In the second part of our interview with Ben Swift at CNP's Headquarters in Ashton, Manchester we catch up on his hopes for London 2012 and how British Cycling have helped his development as a rider...
It's the day after the final stage of the 2011 Tour de France and Ben Swift is in good spirits with the memory of his attack on the Champs-Ellysees clear in his mind. "I've got the Tour bug now" he says after being shown round CNP's headquarters." I'd like to make it a regular occurrence and race it every year, but we'll see what happens with the programme. The Olympics is the focus."
Swift started cycling when he was only three after his parents entered him into a bike race. He was clearly a natural. Since he joined the setup at British Cycling in 2004 he's enjoyed a meteoric rise to the top end of professional cycling. His progression as one of Great Britain's leading talents was already apparent as a youngster - proven when at just 19 he claimed the King of the Mountain's jersey in the 2007 Tour of Britain and in the same year won a Gold medal at the European Track Championships in the Team Pursuit.
His cycling preference has always been two fold - Road and Track, since he was young both the Olympic Games and the Tour de France were always a dream. "I remember getting home from school and watching the Tour on the TV and dreaming that I'd do it one day, obviously when the Olympics were on TV I'd be glued to that."
Now at 23 he's just completed the world's most gruelling bike race and it seems to all have happened quite quickly. "It's absolutely flown by since Beijing, I remember trying to sleep and hearing the fireworks at the opening ceremony, it feels like yesterday, it's gone so fast."
Swift has been in and around the Men's Team Pursuit Squad since Beijing but in recent times, has preferred to focus on the road and has already enjoyed wins at this year's Tour Down Under, Tour of California and Tour of Romandie. But over the next 12 months his attention will return to the boards once again and he plans to be back on the track in time to compete at the European Championships in October.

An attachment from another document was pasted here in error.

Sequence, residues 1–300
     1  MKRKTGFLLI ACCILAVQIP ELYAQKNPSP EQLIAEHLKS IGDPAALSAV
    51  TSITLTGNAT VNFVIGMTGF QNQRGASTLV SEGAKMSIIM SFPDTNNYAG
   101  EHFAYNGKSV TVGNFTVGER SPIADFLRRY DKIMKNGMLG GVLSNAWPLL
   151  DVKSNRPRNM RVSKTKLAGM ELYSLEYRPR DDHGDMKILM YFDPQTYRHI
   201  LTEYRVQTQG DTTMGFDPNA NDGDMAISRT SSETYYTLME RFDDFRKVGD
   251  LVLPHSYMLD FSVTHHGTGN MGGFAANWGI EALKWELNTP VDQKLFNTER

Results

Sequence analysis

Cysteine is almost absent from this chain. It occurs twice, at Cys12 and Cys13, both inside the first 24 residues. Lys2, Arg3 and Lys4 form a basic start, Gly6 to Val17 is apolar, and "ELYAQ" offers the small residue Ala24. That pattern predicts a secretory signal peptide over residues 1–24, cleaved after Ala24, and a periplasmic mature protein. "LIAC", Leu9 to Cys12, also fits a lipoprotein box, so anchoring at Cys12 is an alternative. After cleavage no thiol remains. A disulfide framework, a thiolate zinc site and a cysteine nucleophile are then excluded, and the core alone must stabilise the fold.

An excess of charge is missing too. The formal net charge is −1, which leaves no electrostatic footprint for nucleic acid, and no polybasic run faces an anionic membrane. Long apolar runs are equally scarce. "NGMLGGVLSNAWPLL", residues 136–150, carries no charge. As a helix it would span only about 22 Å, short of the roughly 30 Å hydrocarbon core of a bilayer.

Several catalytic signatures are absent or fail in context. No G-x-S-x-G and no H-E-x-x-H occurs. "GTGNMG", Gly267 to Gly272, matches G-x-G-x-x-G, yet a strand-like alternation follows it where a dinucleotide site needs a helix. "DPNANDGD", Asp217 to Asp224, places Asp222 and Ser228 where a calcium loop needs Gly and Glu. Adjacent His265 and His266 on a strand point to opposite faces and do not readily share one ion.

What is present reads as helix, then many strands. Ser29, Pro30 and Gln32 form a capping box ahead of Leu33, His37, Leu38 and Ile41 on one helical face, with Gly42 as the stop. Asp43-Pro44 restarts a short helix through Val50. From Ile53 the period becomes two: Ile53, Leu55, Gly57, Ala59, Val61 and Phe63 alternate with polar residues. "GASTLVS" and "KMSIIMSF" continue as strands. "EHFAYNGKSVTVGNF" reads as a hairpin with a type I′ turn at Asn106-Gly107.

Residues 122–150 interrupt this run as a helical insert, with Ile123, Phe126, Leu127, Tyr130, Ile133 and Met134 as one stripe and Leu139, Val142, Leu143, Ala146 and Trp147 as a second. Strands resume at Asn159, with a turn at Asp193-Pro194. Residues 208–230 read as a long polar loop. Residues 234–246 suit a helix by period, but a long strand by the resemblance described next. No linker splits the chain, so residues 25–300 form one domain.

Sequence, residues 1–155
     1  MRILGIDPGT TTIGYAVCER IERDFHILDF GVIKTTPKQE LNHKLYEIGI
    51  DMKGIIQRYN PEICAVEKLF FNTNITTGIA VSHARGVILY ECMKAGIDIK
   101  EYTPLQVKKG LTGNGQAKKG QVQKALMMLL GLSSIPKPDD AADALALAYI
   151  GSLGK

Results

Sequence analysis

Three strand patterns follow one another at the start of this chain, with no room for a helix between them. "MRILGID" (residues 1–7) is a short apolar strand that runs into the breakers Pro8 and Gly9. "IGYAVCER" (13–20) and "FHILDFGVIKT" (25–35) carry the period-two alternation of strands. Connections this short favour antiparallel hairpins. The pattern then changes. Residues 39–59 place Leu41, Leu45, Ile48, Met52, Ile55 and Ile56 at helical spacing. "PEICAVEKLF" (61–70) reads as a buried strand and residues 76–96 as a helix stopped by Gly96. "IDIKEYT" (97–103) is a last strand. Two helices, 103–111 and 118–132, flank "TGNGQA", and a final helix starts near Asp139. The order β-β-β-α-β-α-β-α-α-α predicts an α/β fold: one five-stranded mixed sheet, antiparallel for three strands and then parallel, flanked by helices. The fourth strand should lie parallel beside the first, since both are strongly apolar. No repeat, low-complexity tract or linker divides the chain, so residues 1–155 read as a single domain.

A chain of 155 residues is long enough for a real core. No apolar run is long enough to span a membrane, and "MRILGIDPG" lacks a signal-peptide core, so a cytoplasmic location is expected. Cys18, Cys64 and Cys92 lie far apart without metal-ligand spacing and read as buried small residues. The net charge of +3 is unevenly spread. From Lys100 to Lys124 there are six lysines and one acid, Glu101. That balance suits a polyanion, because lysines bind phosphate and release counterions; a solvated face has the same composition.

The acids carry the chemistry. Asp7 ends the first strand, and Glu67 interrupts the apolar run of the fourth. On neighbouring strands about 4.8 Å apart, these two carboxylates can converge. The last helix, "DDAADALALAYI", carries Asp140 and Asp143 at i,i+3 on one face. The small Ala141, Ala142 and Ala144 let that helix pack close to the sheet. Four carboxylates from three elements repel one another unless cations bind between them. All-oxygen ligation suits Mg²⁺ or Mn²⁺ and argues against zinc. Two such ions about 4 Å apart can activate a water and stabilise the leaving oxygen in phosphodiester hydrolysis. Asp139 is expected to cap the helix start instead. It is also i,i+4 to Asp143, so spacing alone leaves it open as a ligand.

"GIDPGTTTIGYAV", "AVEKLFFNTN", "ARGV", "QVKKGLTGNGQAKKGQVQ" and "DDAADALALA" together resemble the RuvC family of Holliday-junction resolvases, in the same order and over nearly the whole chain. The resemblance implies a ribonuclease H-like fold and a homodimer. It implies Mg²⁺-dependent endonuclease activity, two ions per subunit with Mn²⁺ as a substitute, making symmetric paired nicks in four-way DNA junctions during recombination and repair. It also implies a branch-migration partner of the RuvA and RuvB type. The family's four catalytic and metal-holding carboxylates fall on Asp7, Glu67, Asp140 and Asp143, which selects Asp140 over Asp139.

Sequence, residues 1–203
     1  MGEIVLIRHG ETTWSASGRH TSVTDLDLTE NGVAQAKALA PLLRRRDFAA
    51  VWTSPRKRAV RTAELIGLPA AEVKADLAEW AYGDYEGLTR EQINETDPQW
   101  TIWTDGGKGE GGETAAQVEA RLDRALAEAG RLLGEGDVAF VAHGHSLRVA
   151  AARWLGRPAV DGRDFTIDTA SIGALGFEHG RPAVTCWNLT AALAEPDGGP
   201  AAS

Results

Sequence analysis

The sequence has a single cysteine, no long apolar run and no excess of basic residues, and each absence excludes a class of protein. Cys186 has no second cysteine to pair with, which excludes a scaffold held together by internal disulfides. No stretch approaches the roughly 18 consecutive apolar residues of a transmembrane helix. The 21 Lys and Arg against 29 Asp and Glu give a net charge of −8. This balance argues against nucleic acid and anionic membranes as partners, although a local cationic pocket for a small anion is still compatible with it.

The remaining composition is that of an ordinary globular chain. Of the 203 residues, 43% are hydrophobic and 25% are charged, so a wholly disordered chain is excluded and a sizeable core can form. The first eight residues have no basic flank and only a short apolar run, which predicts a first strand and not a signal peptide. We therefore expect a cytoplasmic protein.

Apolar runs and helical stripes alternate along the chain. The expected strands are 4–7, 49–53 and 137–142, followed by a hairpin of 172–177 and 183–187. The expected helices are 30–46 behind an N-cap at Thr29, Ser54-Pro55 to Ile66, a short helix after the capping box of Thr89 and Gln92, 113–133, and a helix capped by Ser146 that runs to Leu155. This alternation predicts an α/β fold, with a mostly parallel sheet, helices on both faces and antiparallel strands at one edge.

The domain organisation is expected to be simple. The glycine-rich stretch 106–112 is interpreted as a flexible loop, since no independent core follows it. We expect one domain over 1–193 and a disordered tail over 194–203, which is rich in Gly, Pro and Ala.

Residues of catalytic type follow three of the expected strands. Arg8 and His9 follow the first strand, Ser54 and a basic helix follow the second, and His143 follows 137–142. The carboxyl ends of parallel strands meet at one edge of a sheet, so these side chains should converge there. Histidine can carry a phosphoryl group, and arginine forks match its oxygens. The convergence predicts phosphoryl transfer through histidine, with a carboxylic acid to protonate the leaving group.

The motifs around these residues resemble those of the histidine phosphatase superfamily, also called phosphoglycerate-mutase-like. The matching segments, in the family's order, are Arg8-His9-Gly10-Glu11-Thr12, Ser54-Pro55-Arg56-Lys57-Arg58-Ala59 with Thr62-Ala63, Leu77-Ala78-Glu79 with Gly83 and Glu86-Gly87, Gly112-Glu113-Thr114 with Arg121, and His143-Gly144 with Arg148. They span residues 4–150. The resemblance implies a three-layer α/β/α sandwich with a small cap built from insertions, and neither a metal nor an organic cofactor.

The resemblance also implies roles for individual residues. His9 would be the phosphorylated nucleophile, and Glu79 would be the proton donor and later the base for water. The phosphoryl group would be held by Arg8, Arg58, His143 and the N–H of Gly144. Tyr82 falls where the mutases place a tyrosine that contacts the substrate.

"I'm hoping to ride at the Europeans. It would be nice to get in the Team Pursuit line up at London but we'll look at it after the winter programme and see. I've got the added luxury of having done quite well on the road this year that the road race is an option but we'll see how the track goes first. It's a decision we'll make later."
Swift is full of praise for the support he receives at British Cycling, specifically from his coaches Rod Ellingworth and Dan Hunt. "I've come up through the ranks and without the guidance from Rob and Dan, I don't think I'd be the same bike rider. We've got the best support staff in the world really, that's what helps us to be as successful as we are, and like I say we wouldn't be where we are now without those guys."
The competition he will face for the Olympics is set to be fierce with up to ten riders vying for four places to be on the start line in London, but it hasn't stopped Ben from thinking about how he'd feel should he be selected. "I don't think you can explain just how exciting it is, it'll be an amazing feeling, you're in a team pursuit where it's deadly silent, then you hear the beep and the crowd goes mental, but to hear that at your home Olympics is something very special."
The development of riders like Swift, Thomas and Wiggins combined with the emergence of Team Sky continues to push Cycling to the forefront of British sport, and one of Swift's old mates is more responsible than anyone for the increase of people being inspired by two wheels. "Cav's (Mark Cavendish) a massive talent, we followed the same programme out in Italy, we train together quite a bit and just seeing what he's done is really impressive and makes you want to do the same."
Swift remains overwhelmed by the number of people riding their bikes in Britain. "The amount of cyclists you see now, you get tired just taking your hand off all the time to wave at them. There's so many more people out there, and I think the attitude of car drivers is beginning to change as well, I've heard a few stories from the guys about when people are driving behind shouting ‘Come on Team Sky', and that's really nice to hear.
"I don't think we've seen half of what cycling is capable of, if we have anywhere near the same success in London that we had in Beijing then it'll go through the roof."
That was enough of the talking for one afternoon. Next on the agenda was a trip to Alton Towers with his girlfriend. After that his focus will be on the ride of a lifetime, which will come in a year's time at the London Olympic Games.